Anyway, the “you haven’t flown” butt-hurt seems to be coming out of that: “We’re going to decide in this room, here, how the thing is going to work, but this is grown up talk. Don’t let the doorknob hit. Leave your wallet.” Sirota’s editor evidently didn’t make note of how peculiar it looks, when “greed” is on equal footing with “lack of international travel,” and both must be “justified.” I’m sure it felt good to him to write that sentence, but it comes off looking eminently thoughtless and hastily put-together. I need to justify my lack of international travel? To whom? What are they going to do to me if I don’t justify it? How long do I have?
I’m seeing — yet again — the tired old argument about cops and firefighters. This point is so painfully obvious that I chafe at the idea of having to write it down, but if any Ayn Rand fans out there are objecting to the continued funding of a fire department or police force, it’s probably not accurate to regard their viewpoint as an average suitably representative of all the others. And it isn’t an honest statement of the conflict, frankly. Round me up some real exchanges, preferably heated ones, about stimulus spending plans or other issues that cause conflict between statists and small-government types. In fact, go bundle up a hundred. Is there any squabbling in there, anywhere, about “Yes we should have a fire department or no we should not”? Probably not. The points of contention are along questions like, can the government grow the economy by spending lots of money.
Which, by itself, is rather curious when you think about it. If it worked, we’d probably say “Well that’s settled, let’s make it work that way from now on.” But when the studied economists favor the statist solution, which they actually do quite often, after you look into it awhile you see they aren’t favoring it because of the evidence, but in spite of it. Businesses are not inclined to put money where the growth is unlikely to happen, because…why would they? And government, once handed the money the businesses would have put someplace to foster this growth, but can’t because the government took it, is not inclined to put the money in these other activities more conducive to growth because…well, how would they? Ever wait in line at the DMV? Ever watch Congress decide something on C-SPAN? You seriously mean to tell me, in those settings, there’s more know-how than in the executive offices of a company that has grown and succeeded in an industry, employing people who have spent their lives in it? Government’s going to ride in and say “do it this way, not the way you’ve been doing it up until now, and since we’ll stop you from making that mistake from now on, stand back and get ready to see some real growth”?
If there was an example to present of it happening that way, how exactly would it have come about?
I’m seeing the charge of hypocrisy against Ayn Rand fans, and other proponents of the small-government model, who have been caught making use of government services. You have to go clicking through links in order to review all the examples the author brings, and from the best I can make out, not a single one among these offer any kind of an active choice. Um, if that’s the case, then how do they count? Isn’t it just silly to say things like “they are more than happy to drive on taxpayer funded roads”? Would not some government agency retaliate against us if we were to destroy a guardrail so we could leave the public road and do our four-wheeling on a hillside? Why yes, I believe they would. And isn’t Social Security supposed to be a fund that was built up by our “contributions” in the first place? Sirota sees a consistency problem in an argument he hasn’t taken the time to properly understand: If one objects to his earnings being plowed into the Social Security fund over the course of his lifetime, but is compelled by law to allow it to happen nevertheless, then getting the money back again at the end of it is just the sensible thing to do, right? Where’s the problem?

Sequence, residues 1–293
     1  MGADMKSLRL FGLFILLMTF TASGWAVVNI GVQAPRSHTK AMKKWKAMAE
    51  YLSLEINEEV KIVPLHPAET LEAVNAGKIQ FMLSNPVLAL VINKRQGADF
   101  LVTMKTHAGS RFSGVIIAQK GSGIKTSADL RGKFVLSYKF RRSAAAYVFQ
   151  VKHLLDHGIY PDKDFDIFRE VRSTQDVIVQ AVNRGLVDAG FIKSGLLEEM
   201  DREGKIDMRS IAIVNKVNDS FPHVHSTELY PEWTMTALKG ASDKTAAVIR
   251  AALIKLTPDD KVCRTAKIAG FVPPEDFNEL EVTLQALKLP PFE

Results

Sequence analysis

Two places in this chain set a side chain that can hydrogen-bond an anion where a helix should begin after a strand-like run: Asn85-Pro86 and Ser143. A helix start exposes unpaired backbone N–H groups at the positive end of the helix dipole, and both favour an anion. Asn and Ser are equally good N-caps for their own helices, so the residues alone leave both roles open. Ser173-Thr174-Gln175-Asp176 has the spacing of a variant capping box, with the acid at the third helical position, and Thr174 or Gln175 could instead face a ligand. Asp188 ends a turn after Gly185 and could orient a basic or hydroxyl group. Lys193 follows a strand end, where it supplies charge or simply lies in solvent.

I’m seeing passive platitudes, such as “literary giant George Saunders.” That’s just mildly annoying, I guess, since it’s pretty clear that what the author means to say is “George Saunder has espoused opinions similar to mine, so to fortify what I’m trying to say I’m going to give you instructions to think of him as a literary giant.” Is it an honest statement? Probably not, since, whether Sirota likes to ponder this part of it or not, Ayn Rand has just as much claim to being a literary giant as anybody else. But this is also a frequently-recurring chestnut in lefty sloganeering: Such-and-such is a “giant,” possessing godlike abilities and attributes…which are never quite defined anywhere. You’re supposed to just “get it,” the giant is a giant.
As far as the reasoning deficiencies, the most glaring one is the Fox Butterfield fallacy.
“Who’s Fox Butterfield?” is one of this column’s most frequently asked questions. Answer: Butterfield was a reporter for the New York Times–he seems to have retired in 2005–whose crime stories served as the archetype for his eponymous fallacy.
“It has become a comforting story: for five straight years, crime has been falling, led by a drop in murder,” Butterfield wrote in 1997. “So why is the number of inmates in prisons and jails around the nation still going up?” He repeated the trope in 2003: “The nation’s prison population grew 2.6 percent last year, the largest increase since 1999, according to a study by the Justice Department. The jump came despite a small decline in serious crime in 2002.” And in 2004: “The number of inmates in state and federal prisons rose 2.1 percent last year, even as violent crime and property crime fell, according to a study by the Justice Department released yesterday.”